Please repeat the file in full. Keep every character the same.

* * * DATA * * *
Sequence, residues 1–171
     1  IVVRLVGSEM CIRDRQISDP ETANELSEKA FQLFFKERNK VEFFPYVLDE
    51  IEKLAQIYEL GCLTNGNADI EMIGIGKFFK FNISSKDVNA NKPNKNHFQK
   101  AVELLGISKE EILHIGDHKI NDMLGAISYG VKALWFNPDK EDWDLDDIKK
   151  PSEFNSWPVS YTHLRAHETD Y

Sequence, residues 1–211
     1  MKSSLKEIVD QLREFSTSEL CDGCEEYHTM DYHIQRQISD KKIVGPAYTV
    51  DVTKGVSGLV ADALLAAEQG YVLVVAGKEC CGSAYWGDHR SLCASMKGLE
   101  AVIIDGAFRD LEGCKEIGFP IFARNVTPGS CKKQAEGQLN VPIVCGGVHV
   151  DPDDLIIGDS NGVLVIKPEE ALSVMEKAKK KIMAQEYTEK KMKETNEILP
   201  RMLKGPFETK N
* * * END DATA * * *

Sequence, residues 1–171
     1  IVVRLVGSEM CIRDRQISDP ETANELSEKA FQLFFKERNK VEFFPYVLDE
    51  IEKLAQIYEL GCLTNGNADI EMIGIGKFFK FNISSKDVNA NKPNKNHFQK
   101  AVELLGISKE EILHIGDHKI NDMLGAISYG VKALWFNPDK EDWDLDDIKK
   151  PSEFNSWPVS YTHLRAHETD Y

Sequence, residues 1–211
     1  MKSSLKEIVD QLREFSTSEL CDGCEEYHTM DYHIQRQISD KKIVGPAYTV
    51  DVTKGVSGLV ADALLAAEQG YVLVVAGKEC CGSAYWGDHR SLCASMKGLE
   101  AVIIDGAFRD LEGCKEIGFP IFARNVTPGS CKKQAEGQLN VPIVCGGVHV
   151  DPDDLIIGDS NGVLVIKPEE ALSVMEKAKK KIMAQEYTEK KMKETNEILP
   201  RMLKGPFETK N